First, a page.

Body dysmorphic disorder can be confused with other diagnoses including eating disorders, obsessive-compulsive related disorders, major depressive disorder, anxiety disorders, and psychotic disorders. Importantly, normal appearance is in the differential diagnosis.

Those with normal appearance concerns and/or clearly noticeable physical defects do not have BDD [6]. These people do not display the typical repetitive behaviors and have unimpaired functioning in society. Of note, skin picking can cause obvious physical defects [12]. BDD should be diagnosed if BDD-related skin picking is causing the perceptible appearance changes.

Eating disorders, such as anorexia nervosa and bulimia nervosa, cause individuals to have concerns about being overweight. Weight concerns may occur in BDD as well; however, BDD dissatisfaction often involves a broader extent of body areas, while those with eating disorders focus on weight and shape [13, 15, 16]. Eating disorders overall have a much higher female to male ratio than BDD. In addition, those with anorexia nervosa may feel more satisfied with weight loss, while people with BDD nearly always feel distressed [8]. Those with BDD will more likely be of normal weight and also have other body and appearance concerns. Those with BDD appear to have more negative self-evaluation and poorer functioning and quality of life [16, 17].

Anxiety, especially social anxiety, is also common in BDD patients. Social anxiety disorder is characterized by an excessive fear of social situations and embarrassment, avoidance, and introversion, many of these features which are shared with BDD [1820]. In those with BDD, the anxiety is clearly due to appearance concerns and the belief that they will be ridiculed or rejected because of this. Social anxiety disorder tends to occur at a relatively earlier age of onset. Kelly et al. [21] reported that BDD patients are more likely to have obsessive–compulsive disorders, eating disorders, and psychotic disorders compared to patients with social anxiety disorder.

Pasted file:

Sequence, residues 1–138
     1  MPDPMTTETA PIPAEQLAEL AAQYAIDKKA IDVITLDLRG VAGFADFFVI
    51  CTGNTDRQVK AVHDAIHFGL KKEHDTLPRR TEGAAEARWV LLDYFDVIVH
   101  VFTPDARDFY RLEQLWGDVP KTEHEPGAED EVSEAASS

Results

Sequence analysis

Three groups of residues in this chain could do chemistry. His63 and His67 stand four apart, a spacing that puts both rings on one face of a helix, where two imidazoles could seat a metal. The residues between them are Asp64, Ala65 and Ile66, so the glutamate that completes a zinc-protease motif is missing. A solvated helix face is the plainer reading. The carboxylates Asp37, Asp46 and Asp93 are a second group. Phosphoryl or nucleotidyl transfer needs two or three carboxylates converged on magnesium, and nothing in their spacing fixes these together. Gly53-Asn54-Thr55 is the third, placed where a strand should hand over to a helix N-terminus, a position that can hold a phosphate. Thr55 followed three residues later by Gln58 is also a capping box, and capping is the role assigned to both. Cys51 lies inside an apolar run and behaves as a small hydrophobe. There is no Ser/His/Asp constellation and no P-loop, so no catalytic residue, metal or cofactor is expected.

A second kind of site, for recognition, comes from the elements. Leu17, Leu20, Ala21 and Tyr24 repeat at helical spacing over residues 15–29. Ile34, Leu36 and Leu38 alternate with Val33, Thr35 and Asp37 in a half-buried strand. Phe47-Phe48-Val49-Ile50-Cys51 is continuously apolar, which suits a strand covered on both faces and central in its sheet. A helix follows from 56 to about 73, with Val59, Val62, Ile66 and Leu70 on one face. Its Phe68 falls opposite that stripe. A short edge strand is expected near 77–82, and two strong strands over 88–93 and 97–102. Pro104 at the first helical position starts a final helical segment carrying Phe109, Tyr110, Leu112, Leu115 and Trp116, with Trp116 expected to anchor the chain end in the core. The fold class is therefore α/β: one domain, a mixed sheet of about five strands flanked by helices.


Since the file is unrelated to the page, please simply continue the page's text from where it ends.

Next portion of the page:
Patients with obsessive–compulsive-related disorders have symptoms that are not primarily focused on appearance and typically have more insight into their disorder than those with BDD [13], with 2 % having delusional beliefs compared with 27–60 % respectively [2225]. Trichotillomania is a hair-pulling condition that is also an obsessive–compulsive-related disorder; however, if the hair removal is intended to improve appearance, than BDD is diagnosed. Depressive symptoms are quite common in those with BDD; however, BDD should be diagnosed if the criteria are met as outlined above [6]. Those with BDD often have delusional beliefs in that they are completely convinced that their ideas are correct. However, they typically do not display other symptoms of psychotic disorders such as auditory and visual hallucinations, disorganized thought, and other perceptual abnormalities. In addition, the delusions in individuals with BDD center on their body image. According to DSM-V, BDD should not be diagnosed if the preoccupation focuses on the belief that one emits a foul or offensive body odor. This is considered to be olfactory reference syndrome, which, to date, is not a DSM-V disorder [6].


Body Dysmorphic Disorder and Comorbidities


Associated comorbidity in BDD may include depression, anxiety, social phobia and avoidance, obsessive–compulsive disorder (OCD), skin picking, perfectionism, neuroticism, and substance abuse [26, 27]. Different models have proposed explanations for comorbidity among disorders, such as chance association (random co-occurrence), symptom nonspecificity, and shared etiology or pathophysiology. The latter may explain the high comorbidity of obsessive–compulsive disorder, anxiety, depression, social anxiety disorder, and eating disorders with BDD patients (Fig. 7.2).

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Fig. 7.2
Body dysmorphic disorder and common comorbidities

The most common comorbid disorder is major depressive disorder, with lifetime comorbidity at 75–76 % [13, 15, 28]. A high proportion of BDD sufferers have comorbid lifetime OCD, approximately 32–33 % [13, 15, 28]. Patients with BDD and OCD have shared genetic, environmental, and phenotypic variables [29]. Both disorders are characterized by recurrent, time-consuming thoughts and ritualized behaviors [13]. Shared similarities include high levels of perfectionism and preferences for symmetry, repetitive checking behaviors, and avoidance of triggering situations [30]. Both have similar male to female ratios and average age of onset. Data also suggest close association between the two disorders on the basis of their response to pharmacologic treatments and is also supported by comorbidity and family studies [31].

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Apr 26, 2017 | Posted by in Dermatology | Comments Off on Diagnosis of Body Dysmorphic Disorder